3341562 One former SHARP NCOs thoughts on sexual assault

Soldiers from Camp Arifjan release dozens of balloons marked with various words of encouragement and sexual harassment assault response and prevention terms April 1, 2017 as a symbol of solidarity. (Army National Guard photo by Sgt. Kelly Gary, 29th Infantry Division Pubic Affairs)

By: Jake Hughes

Matt Lauer. Roy Moore. John Conyers. Al Franken.

These men have all been in the news lately, and not for anything good. They have all been accused of sexual harassment or assault. Now, I’m not trying to virtue signal or anything, nor am I saying I’m in any position to cast stones, but it’s just baffling to a man like me who doesn’t even like to touch people period, let alone without their permission, how someone could do such a thing. And these are not stupid kids doing stupid things (not that that’s an excuse). These are powerful men in prominent positions of power, who must know better! Maybe that’s it? Maybe it’s a case of power corrupting?

But that can’t be all of it, as these kinds of things are done by “normal” people, too. And as much as we would like to ignore it, it does happen in the military, as well. As we are a cross-section of the American people, we have scumbags in our midst like anyone else. The Department of Defense reports that in Fiscal Year 16 alone, more than 6,000 service members were involved in claims of sexual assault.

Now, the different branches have different programs to handle such things. In the Navy, Air Force, Marine Corps, and Coast Guard, they have the Sexual Assault Prevention and Response, or SAPR. The Army, because we just have to be different, has the SHARP Program; Sexual Harassment and Assault Reporting and Prevention.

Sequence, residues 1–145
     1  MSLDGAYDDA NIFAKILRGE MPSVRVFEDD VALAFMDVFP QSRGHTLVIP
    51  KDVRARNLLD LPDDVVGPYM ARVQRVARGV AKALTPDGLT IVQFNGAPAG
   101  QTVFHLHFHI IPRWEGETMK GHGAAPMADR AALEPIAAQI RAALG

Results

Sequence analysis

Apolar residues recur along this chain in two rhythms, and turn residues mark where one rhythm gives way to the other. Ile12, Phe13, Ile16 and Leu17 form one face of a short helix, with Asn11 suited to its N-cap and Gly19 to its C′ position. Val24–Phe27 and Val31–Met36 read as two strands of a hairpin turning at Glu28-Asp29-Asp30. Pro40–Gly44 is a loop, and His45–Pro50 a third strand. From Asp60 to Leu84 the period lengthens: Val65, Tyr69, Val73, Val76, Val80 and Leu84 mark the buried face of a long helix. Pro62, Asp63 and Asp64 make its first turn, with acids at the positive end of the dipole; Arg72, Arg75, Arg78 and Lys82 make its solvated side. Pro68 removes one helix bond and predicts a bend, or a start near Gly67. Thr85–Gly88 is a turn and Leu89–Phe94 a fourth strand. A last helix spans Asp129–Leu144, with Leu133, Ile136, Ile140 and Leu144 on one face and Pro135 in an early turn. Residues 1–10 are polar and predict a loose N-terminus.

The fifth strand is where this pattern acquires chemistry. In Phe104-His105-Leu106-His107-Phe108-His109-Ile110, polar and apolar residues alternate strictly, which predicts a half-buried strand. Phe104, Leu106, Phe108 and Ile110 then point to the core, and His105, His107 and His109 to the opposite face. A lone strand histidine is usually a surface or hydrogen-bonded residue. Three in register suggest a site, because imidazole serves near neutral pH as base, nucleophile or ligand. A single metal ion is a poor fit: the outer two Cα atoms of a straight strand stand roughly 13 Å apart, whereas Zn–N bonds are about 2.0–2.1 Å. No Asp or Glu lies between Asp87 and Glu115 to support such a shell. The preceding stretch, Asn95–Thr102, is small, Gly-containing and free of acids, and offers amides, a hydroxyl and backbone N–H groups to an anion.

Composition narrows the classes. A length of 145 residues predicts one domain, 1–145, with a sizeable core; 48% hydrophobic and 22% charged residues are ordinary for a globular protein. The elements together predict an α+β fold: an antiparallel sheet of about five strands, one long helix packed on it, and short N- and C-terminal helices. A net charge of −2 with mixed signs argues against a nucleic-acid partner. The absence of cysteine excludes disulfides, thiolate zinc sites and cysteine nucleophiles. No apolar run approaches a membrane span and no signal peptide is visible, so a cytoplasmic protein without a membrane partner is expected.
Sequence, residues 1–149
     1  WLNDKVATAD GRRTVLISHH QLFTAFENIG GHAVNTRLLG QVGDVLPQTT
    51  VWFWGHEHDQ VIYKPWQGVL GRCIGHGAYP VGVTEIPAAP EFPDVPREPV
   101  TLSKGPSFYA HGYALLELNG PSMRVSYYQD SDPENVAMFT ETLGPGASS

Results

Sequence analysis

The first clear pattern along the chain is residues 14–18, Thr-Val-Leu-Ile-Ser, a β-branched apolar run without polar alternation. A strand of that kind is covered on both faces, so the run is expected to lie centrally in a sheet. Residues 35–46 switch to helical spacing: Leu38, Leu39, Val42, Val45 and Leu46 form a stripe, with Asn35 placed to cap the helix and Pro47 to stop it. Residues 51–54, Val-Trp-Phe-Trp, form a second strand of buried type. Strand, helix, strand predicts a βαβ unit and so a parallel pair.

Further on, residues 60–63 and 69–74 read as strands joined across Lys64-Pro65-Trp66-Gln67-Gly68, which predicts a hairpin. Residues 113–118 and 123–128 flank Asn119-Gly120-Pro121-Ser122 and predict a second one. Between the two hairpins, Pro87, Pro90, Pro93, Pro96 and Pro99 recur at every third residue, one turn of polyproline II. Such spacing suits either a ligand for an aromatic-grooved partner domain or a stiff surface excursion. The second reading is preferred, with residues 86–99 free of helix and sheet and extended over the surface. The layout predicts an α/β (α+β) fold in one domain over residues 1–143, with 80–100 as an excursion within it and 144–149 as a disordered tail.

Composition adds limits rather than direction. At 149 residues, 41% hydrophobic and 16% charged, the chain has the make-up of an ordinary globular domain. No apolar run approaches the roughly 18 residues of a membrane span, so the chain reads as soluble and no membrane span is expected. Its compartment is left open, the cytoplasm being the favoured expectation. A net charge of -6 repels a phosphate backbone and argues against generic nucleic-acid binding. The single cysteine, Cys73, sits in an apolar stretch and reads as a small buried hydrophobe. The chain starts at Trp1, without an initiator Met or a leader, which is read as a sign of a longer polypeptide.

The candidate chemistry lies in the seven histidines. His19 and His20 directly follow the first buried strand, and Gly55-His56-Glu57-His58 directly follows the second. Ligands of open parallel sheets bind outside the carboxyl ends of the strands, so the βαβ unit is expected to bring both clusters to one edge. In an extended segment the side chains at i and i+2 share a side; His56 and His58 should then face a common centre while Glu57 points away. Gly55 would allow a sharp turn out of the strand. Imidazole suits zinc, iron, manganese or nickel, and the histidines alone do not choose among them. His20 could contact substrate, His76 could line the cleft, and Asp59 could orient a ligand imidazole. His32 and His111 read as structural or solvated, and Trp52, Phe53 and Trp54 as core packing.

I was actually a SHARP NCO at my last unit.  As the Company SHARP rep, my job was to be a victim’s first stop. I told them where they could get help, and how they could handle reporting. Basically, if you tell A, B, or C person, it’s what’s called a “Restricted Report” which means the only people who will know are doctors, chaplains or counselors, and the commander. If they told X, Y, and Z person, it’s “Unrestricted” which means it becomes public knowledge and the police get involved. The basic difference is if you want privacy versus prosecution.

For a guide to reporting a sexual assault as an active military member, click here.

Thankfully, I never had to perform my duties as a SHARP rep. No one ever reported an assault to me, which is a good thing. I volunteered for the position because I feel passionately about this topic. In my humble opinion, sexual assault and rape are two of the worst crimes imaginable. To act upon someone who does not consent to such actions is deplorable and disgusting.

There have been a lot of these creeps exposed recently, from politics to Hollywood to media. And sadly, it doesn’t look like it’s slowing down.  Due process must be upheld, but if even the allegation of inappropriate conduct is enough to ruin careers, maybe we’re turning a corner as a society. It won’t be a fast process, but together, we can change the culture.

Yeah, I know it sounds like a Saturday morning cartoon moral, but it’s true. Simple, common sense rules are, in my opinion, the way to prevent sexual assault from happening. Respect people’s boundaries. Remember that other people are just that: people. Human beings with their own thoughts and emotions, exactly like you.

There’s a saying in the Army that, “If you wouldn’t do it in front of your Command Sergeant Major, don’t do it at all.” It all goes back to the Golden Rule: Do unto others as you would have them do unto you.

So, that’s it, really. To the type of people that would do these sorts of horrendous acts, this will fall on deaf ears. I hold no illusions that one piddly little article by some schmuck on the internet is going to change a lifetime of bad programming. But to the rest of you, respect your fellow man, be excellent to each other, party on, dudes, and thank you for reading.

Connect: @JakeTheArmyGuy | Jake@connectingvets.com

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